Rudy Giuliani spent days dodging voting firm’s $1.3 bn lawsuit: report
Rudy Giuliani reportedly spent a week doing everything he could to avoid being served in a $1.3-billion lawsuit from Dominion Voting Systems, a voting machine manufacturer that sued the Trump adviser and former New York Mayor for defamation, according to the New York Daily News.
Mr Giuliani, who the company alleges destroyed its reputation through “a viral disinformation campaign” accusing them of stealing the election for Joe Biden, reportedly ignored initial attempts to send him the legal documents over email, according to an unnamed source for the Daily News.
From there, the company hired process servers to deliver the papers by hand, but were stymied on multiple occasions. Allegedly, Mr Giuliani’s doorman locked them out of a building, Mr Giuliani’s driver blew through a red light to avoid the servers, and his office reportedly made him unavailable to be served directly.
In one incident, a server reportedly tried to jam a bag of documents through the door of Mr Giuliani’s SUV, but a doorman and the vehicle’s driver helped him shut the door and drive away without the papers.
Mr Giuliani did not respond to a request for comment from The Independent.
“It took numerous attempts, at both his home and office, before we were able to successfully serve Mr. Giuliani on February 10,” Tom Clare, an attorney for Dominion, told the Daily News. “Mr. Giuliani’s repeated false claims about Dominion have been immeasurably damaging; this service of process is one more step forward in our pursuit of justice.”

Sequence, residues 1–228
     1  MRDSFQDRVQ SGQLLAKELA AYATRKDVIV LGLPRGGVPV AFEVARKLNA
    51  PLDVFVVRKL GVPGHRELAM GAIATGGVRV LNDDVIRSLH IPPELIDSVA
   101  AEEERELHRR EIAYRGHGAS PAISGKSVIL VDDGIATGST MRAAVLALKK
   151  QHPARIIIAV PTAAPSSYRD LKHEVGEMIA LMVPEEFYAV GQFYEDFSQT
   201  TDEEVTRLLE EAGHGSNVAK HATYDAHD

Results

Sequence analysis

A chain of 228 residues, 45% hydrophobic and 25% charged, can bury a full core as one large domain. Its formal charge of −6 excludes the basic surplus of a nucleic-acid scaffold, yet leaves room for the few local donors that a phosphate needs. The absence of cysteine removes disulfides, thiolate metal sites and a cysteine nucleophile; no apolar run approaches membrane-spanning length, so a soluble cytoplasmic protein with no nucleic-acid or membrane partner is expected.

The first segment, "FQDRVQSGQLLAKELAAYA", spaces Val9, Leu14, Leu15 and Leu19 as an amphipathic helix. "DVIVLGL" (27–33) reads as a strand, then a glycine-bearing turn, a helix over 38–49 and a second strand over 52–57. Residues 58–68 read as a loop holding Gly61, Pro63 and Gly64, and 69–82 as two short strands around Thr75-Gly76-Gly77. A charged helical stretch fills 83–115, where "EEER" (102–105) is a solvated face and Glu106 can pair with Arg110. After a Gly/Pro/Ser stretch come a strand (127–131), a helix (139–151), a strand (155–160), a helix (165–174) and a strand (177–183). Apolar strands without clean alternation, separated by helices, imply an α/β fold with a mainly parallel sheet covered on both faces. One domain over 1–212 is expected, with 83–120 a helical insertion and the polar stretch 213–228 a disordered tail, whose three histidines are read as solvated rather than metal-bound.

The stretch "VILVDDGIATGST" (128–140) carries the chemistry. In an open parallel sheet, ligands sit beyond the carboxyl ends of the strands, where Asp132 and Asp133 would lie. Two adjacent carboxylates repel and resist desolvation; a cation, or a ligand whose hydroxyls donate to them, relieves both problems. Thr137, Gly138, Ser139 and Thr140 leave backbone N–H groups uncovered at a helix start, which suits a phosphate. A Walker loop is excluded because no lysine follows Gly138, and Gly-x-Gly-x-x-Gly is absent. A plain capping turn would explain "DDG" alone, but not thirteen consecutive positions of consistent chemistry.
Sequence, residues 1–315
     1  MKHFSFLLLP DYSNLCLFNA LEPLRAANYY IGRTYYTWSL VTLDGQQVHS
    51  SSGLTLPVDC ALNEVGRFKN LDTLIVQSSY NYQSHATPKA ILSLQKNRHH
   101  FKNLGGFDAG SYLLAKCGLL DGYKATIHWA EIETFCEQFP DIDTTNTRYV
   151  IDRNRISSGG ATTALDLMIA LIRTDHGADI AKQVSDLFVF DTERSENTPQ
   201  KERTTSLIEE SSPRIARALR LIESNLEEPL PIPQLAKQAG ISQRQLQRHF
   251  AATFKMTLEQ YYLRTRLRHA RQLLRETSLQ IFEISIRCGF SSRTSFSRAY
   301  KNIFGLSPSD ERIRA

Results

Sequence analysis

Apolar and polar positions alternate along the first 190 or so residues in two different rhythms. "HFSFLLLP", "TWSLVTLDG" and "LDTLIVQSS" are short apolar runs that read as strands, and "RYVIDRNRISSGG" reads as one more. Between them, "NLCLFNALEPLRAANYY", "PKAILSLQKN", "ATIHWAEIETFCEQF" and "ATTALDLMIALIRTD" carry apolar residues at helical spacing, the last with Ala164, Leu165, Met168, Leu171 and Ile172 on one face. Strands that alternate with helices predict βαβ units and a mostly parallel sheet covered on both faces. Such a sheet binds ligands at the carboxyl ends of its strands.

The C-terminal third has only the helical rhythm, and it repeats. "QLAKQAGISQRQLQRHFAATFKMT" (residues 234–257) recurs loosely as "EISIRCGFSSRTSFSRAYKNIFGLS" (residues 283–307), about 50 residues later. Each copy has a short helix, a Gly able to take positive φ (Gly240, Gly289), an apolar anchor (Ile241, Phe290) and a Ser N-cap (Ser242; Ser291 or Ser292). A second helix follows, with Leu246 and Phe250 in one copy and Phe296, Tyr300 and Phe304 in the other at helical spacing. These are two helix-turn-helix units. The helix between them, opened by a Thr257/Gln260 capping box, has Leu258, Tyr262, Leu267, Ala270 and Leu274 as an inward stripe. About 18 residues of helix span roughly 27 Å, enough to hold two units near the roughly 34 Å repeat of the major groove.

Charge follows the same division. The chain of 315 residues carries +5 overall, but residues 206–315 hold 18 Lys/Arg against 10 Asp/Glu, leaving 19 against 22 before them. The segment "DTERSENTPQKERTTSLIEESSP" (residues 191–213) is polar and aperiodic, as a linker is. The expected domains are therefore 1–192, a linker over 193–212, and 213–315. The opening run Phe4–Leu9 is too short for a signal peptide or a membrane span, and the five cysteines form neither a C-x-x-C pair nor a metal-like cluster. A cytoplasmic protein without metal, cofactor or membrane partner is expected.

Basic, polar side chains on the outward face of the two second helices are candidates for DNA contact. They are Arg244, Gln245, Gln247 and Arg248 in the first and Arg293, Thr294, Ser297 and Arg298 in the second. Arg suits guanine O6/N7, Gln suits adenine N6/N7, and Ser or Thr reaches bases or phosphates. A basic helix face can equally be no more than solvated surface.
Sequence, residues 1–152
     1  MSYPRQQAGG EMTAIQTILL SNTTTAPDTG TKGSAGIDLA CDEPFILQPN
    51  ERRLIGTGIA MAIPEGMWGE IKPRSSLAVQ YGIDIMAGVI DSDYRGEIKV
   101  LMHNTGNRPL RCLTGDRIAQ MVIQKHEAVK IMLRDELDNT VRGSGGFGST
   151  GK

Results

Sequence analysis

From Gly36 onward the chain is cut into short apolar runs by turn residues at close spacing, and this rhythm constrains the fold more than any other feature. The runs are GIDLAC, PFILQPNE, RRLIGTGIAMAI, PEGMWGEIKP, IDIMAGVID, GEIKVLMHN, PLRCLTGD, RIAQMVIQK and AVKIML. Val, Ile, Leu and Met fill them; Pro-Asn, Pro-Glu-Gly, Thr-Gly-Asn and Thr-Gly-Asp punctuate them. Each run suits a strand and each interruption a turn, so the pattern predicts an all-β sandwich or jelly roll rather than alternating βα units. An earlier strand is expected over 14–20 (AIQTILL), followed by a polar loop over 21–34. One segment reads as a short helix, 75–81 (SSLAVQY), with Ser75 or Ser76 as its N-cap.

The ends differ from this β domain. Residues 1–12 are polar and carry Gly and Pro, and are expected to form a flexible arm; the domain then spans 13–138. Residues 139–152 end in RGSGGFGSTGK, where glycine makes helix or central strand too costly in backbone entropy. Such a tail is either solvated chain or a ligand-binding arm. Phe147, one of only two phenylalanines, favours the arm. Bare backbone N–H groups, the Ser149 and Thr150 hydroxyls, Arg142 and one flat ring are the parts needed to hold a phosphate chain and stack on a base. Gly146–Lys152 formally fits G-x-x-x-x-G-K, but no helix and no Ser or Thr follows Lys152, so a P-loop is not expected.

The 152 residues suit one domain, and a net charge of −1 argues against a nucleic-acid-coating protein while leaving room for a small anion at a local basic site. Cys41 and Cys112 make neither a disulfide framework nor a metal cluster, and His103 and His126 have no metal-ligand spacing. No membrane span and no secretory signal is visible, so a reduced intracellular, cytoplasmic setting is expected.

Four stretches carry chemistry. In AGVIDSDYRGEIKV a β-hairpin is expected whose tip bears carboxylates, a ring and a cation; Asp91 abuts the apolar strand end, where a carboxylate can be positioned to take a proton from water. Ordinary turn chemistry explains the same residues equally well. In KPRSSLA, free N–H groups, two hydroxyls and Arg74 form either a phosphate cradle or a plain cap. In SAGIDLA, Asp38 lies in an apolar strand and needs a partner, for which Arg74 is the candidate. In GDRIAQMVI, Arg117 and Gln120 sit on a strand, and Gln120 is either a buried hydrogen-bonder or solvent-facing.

The 107-page suit claims Mr Giuliani tanked the firm’s reputation by repeatedly accusing them in more than 50 speeches and remarks on social media of being part of a conspiracy to cheat the election results.
Mr Giuliani didn’t go after Dominion in the numerous suits he filed challenging election results across the country. He could have been penalised for making demonstrably false claims before the court.
There’s no evidence Dominion altered the election results, or that any large-scale irregularities took place that would’ve changed the election results. Mr Giuliani and Mr Trump lost in virtually every lawsuit they filed challenging the election procedure.
Mr Giuliani has previously said he welcomes the suit as a chance to “investigate” Dominion.
“Dominion’s defamation lawsuit for $1.3 billion will allow me to investigate their history, finances and practices fully and completely,” Mr Giuliani has said.
Dozens of prominent New York lawyers have pushed to suspend Mr Giuliani’s law licence, arguing his repeated dubious claims about the election could constitute“conduct involving dishonesty, fraud, deceit or misrepresentation in or out of court.”
The company also filed a $1.3 billion suit against My Pillow CEO Mike Lindell this month, alleging the Trump ally repeatedly spread the “big lie” that they’d tampered with election results.
Normally playing a behind-the-scenes role, voting technology companies became fodder for conspiracy theories during the election, and now that it’s over, they’ve been filing lawsuits against their accusers.
In early February, Smartmatic, a voting technology company, filed a $2.7 billion suit against former president Trump, Fox News, three of its top hosts, and former lawyers for Mr Trump including Mr Giuliani and Sidney Powell, alleging they spread false information about the firm, one of the largest libel suits ever undertaken.